Quote:
Originally Posted by Chef
OP, the answer to your question is no, no one ever has. Learn your lesson here and stop wasting your time reading arguments involving people who don't know what scientific method is. Subjectivist on this site is just another word for 'I don't care what anyone says, what any data says, I hear it and you better believe me.' The more you learn about audio, the more you'll realise it's really not that expensive/tedious, and it's basically been figured out. The problem is people think audiophile means working really hard for good sound quality, and they're trying desperately to live up to it in an age where it's been made incredibly accessible. 30 years ago you just had to own a lot of records and be really interested in music and artististic philosophy to be an audiophile. In my opinion that's what it should still be. Look at this site and laugh. There's over 20 forums about sound equipment, and companies sponored to sell sound equipment, and if you scroll for a really long time, all the way to the bottom there is one about music. That says something about the difference between the demand for people who want to talk about music, and the demand for people who want to talk about equipment. If this were an audiophile community, I would think there'd be a forum for every general genre I tell you this to save you time since you seem like an open minded person with healthy skepticism, and if you look for data to support the jargon thrown around here, you're going to spend a year like I did not finding it.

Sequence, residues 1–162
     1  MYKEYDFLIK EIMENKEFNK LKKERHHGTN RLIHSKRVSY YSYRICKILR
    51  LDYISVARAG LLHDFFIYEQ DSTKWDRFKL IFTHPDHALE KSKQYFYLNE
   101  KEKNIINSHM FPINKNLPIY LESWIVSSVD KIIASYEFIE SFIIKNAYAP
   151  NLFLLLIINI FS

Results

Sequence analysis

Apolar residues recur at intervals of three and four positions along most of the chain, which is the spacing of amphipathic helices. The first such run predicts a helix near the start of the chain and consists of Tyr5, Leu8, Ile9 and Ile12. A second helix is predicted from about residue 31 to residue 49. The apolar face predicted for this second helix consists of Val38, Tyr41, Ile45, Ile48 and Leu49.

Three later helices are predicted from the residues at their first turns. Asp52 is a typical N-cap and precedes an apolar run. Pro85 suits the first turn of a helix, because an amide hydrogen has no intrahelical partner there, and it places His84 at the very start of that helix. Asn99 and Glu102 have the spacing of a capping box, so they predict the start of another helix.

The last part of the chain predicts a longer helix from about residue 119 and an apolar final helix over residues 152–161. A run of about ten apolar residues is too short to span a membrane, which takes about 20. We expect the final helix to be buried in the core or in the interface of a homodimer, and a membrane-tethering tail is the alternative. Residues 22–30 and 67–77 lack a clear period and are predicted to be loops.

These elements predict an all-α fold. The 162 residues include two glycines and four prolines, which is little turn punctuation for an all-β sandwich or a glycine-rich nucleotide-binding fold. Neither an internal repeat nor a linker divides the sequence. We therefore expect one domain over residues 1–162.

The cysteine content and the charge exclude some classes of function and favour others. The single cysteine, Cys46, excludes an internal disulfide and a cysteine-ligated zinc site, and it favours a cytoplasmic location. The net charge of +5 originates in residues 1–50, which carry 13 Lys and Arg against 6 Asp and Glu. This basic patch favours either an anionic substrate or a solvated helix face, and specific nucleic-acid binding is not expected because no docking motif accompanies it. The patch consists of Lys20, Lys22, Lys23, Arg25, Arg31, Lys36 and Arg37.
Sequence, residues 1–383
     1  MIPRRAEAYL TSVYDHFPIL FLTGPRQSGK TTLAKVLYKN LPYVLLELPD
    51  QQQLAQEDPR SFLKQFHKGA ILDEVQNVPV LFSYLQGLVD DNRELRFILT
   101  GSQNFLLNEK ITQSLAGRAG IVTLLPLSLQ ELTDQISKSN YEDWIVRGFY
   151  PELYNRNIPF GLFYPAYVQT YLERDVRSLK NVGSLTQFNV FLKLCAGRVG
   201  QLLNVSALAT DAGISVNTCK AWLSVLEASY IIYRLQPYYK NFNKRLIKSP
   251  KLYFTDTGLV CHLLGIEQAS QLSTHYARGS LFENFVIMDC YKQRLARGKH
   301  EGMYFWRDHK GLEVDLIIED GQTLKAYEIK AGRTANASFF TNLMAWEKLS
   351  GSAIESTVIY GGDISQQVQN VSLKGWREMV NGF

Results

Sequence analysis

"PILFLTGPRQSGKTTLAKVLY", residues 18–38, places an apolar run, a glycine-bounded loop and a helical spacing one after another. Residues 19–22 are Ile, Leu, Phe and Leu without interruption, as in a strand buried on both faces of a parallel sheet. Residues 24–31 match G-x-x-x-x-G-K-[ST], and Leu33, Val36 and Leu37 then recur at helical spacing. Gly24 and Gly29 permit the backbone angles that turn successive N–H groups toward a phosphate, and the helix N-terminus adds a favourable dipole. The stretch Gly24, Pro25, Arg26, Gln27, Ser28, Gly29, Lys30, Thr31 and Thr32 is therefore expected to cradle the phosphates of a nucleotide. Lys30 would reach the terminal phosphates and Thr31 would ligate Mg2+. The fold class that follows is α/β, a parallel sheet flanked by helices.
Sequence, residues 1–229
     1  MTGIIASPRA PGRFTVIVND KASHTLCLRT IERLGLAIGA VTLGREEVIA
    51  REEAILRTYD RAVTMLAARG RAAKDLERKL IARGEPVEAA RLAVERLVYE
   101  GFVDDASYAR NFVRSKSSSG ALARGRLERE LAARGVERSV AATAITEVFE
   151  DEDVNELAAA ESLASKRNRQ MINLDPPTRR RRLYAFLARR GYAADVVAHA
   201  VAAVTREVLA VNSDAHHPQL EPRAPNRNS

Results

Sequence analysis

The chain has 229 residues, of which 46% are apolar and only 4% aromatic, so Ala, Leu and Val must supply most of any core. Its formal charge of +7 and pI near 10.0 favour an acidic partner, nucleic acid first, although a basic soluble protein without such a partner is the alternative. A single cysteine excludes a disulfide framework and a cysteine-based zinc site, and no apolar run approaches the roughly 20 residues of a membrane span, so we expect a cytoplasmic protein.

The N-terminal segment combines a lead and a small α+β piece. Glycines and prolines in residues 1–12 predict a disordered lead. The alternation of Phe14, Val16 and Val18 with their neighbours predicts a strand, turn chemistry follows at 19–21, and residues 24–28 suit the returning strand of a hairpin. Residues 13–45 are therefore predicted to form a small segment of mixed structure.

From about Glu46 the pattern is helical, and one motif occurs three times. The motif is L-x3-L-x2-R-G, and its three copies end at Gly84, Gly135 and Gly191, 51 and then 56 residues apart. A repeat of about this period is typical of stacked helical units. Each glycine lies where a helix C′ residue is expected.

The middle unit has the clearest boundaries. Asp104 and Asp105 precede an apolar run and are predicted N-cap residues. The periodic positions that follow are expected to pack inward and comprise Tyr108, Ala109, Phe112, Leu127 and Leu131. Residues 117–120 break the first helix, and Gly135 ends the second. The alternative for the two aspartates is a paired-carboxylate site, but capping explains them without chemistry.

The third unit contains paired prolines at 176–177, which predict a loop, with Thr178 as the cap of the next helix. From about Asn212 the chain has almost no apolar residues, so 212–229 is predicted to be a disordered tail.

wow epic post man. I definitely see what you're saying. You're being a bit harsh about the music forum being so low, its a headphone site foremost. But otherwise I dig listening to music more than scrutinizing its....uh... delivery system... And I wouldn't let the latter detract from the former... I could see how going too far down this rabit hole could result in a serious net loss to one's psychoacoustic fidelity so I take your warning to heart.

But it's still fascinating! The underlying questions about wheather to trust one's senses over empirical data or others experiences.... pot-heads wonder wheather we see the same red "what if my red is your green, dude..." and I'm supposed to trust we hear the same "bright, wide soundstage?" It's just a cool microcosm for a lot of things.
post #7 of 11
fella, you should also check out the video from Ethan's AES presentation. It was posted around here some weeks ago.
It doesn't target your burn-in question but covers some "myths".
post #8 of 11
For me burn in works, the results may be slight but that's all I need.
post #9 of 11
Quote:
Originally Posted by Deep Funk View Post
For me burn in works, the results may be slight but that's all I need.
And it seems to work for a lot of other guys on the forums here as well, but that doesn't mean that it's not something that just happens in your head. (for headphones)
post #10 of 11
I'm guessing I could tell the difference between K701s new and burned in.

But that's the only headphone that I'm aware of that I might be able to.

The rest it seems too slight to me.



Cables, SS amps, I don't think so.


Not to say that there aren't burn in effects, just that they're small.

And I'm not saying the human listening system isn't exquisitely sensitive,
but it does seem to wander quite a bit in it's conscious apprehension of what it's hearing.
post #11 of 11
Quote:
Originally Posted by Tyll Hertsens View Post
Not to say that there aren't burn in effects, just that they're small.
Exactly!

Every single component (even a cable) undeniably has effects, but most of them are too small for us to notice. (However, your mind might play some tricks on you. Especially if you're running out of oxygen sitting in a small box, hehe.)